An ongoing case about the Nastić family living in U.S. has received an intervention from the Serbian government. Children were taken away from their parents after their naked photos were found on the father’s computer. Such photos are common in Serbia culture. Furthermore, parents claim that their ethnic and religious rights have been violated – children are not permitted to speak Serbian, nor to meet with their parents for orthodox Christmas. They can meet only mother once a week. Children have suffered psychological traumas due to their separation from parents. Polygraph showed that father did not abuse children. Trial is set for January 26. Psychologists from Serbia stated that few hours of conversation with children are enough to see whether they have been abused. Children were taken from their family 7 months ago. FBI started an investigation against the CPS.[45][46][47]

Senator Nancy Schaefer stated “The National Center on Child Abuse and Neglect in 1998 reported that six times :as many children died in foster care than in the general public and that once removed to official “safety”, these children are far more likely to :suffer abuse, including sexual molestation than in the general population. Think what that number is today ten years later!”

The NCCAN report on “Perpetrators of Maltreatment”provides the following figures
Maltreatment per 100,000 US children CPS Parents
Physical Abuse 160 59
Sexual Abuse 112 13
Neglect 410 241
Medical Neglect 14 12
Fatalities 6.4 1.5

Senator Schaefer also stated

  • “that poor parents very often are targeted to lose their children because they do not have the where-with-all to hire lawyers and fight the system. Being poor does not mean you are not a good parent or that you do not love your child, or that your child should be removed and placed with strangers;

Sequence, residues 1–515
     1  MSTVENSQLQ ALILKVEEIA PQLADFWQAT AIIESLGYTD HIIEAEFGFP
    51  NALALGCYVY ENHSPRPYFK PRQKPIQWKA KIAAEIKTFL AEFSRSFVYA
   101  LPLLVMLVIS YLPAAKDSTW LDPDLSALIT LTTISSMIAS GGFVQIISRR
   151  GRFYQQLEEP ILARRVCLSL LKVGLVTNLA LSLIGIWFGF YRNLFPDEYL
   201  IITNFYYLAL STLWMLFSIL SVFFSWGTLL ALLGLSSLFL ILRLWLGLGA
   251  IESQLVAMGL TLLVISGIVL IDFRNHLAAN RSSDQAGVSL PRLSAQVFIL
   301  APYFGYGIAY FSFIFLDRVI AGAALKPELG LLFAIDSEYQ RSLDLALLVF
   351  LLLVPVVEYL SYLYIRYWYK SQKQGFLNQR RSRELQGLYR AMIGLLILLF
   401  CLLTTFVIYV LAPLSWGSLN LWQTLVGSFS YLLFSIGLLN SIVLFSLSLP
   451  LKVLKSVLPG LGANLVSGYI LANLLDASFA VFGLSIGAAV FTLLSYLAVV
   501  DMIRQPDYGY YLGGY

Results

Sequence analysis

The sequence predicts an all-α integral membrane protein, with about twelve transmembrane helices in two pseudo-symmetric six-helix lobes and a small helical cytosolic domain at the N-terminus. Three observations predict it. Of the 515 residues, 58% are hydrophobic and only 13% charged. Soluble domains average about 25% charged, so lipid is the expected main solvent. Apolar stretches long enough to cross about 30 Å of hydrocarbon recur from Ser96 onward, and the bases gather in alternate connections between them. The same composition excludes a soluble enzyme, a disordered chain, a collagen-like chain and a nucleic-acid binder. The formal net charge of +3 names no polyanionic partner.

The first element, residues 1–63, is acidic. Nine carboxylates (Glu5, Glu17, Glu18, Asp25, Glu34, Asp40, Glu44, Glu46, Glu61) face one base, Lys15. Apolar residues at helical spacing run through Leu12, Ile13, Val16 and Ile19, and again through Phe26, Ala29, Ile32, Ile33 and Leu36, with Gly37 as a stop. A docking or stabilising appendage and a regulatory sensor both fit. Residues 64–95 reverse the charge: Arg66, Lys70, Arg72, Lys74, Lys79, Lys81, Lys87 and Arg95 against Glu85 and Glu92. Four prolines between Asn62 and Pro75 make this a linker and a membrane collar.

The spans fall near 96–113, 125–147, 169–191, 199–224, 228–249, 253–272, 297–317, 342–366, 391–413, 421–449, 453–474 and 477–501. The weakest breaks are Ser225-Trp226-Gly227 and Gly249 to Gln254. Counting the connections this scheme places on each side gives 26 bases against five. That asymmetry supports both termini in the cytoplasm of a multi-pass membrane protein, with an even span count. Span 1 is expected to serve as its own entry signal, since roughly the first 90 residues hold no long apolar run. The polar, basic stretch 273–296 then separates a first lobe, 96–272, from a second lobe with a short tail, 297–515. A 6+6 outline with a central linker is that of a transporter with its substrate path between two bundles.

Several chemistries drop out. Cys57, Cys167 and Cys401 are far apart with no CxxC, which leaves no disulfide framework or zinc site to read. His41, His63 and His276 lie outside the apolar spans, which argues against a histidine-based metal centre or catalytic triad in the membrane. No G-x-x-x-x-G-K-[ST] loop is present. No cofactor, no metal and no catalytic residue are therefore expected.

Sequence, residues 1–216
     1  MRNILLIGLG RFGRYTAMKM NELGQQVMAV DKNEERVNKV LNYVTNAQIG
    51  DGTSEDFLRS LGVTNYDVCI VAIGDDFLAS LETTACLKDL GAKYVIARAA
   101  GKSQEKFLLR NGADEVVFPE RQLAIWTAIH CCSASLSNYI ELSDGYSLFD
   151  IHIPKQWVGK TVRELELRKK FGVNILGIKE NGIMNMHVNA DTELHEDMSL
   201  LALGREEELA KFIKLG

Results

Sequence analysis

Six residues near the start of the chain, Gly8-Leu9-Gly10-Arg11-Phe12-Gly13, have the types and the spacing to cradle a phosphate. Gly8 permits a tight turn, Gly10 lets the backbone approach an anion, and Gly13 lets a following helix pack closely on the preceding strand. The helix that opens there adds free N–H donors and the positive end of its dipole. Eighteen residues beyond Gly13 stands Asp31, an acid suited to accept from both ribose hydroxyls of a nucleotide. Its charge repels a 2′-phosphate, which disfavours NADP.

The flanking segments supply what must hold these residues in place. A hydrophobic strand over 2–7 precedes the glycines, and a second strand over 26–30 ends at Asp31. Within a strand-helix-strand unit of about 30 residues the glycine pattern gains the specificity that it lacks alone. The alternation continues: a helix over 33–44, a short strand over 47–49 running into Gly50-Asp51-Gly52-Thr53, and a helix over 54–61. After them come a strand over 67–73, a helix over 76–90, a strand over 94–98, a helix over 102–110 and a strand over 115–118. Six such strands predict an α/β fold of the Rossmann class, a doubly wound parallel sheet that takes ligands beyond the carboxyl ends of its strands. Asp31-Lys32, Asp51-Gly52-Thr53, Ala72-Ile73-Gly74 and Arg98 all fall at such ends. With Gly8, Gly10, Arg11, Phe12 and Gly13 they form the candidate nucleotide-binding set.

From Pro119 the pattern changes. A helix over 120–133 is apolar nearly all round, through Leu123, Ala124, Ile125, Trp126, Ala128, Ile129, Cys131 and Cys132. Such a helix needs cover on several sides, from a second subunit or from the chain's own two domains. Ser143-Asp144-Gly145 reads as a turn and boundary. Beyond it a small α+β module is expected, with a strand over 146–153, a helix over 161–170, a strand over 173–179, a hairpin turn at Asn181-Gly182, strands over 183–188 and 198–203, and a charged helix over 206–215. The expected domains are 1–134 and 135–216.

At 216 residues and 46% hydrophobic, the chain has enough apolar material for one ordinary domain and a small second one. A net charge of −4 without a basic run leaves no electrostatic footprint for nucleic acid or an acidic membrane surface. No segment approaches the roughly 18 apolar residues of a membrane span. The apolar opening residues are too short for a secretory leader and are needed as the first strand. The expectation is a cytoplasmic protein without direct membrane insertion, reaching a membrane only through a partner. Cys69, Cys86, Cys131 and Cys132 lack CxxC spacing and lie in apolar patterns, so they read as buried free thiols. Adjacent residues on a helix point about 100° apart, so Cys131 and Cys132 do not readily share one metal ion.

• that all parents are capable of making mistakes and that making a mistake does not mean your children are to be removed from the home. Even if the home is not perfect, it is home; and that’s where a child is the safest and where he or she wants to be, with family;
  • that parenting classes, anger management classes, counseling referrals, therapy classes and on and on are demanded of parents with no compassion by the system even while the parents are at work and while their children are separated from them. (some times parents are required to pay for the programs) This can take months or even years and it emotionally devastates both children and parents. Parents are victimized by “the system” that makes a profit for holding children longer and “bonuses” for not returning children to their parents;
  • that caseworkers and social workers are very often guilty of fraud. They withhold and destroy evidence. They fabricate evidence and they seek to terminate parental rights unnecessarily. However, when charges are made against Child Protective Services, the charges are ignored;
  • that the separation of families and the “snatching of children” is growing as a business because local governments have grown accustomed to having these taxpayer dollars to balance their ever-expanding budgets;
  • that Child Protective Services and Juvenile Court can always hide behind a confidentiality clause in order to protect their decisions and keep the funds flowing. There should be open records and “court watches”! Look who is being paid!

There are state employees, lawyers, court investigators, guardian ad litems, court personnel, and judges. There are psychologists, and psychiatrists, counselors, caseworkers, therapists, foster parents, adoptive parents, and on and on. All are looking to the children in state custody to provide job security. Parents do not realize that the social workers are the glue that hold “the system” together that funds the court, funds the court appointed attorneys, and the multiple other jobs including the “system’s” psychiatrists, therapists, their own attorneys and others.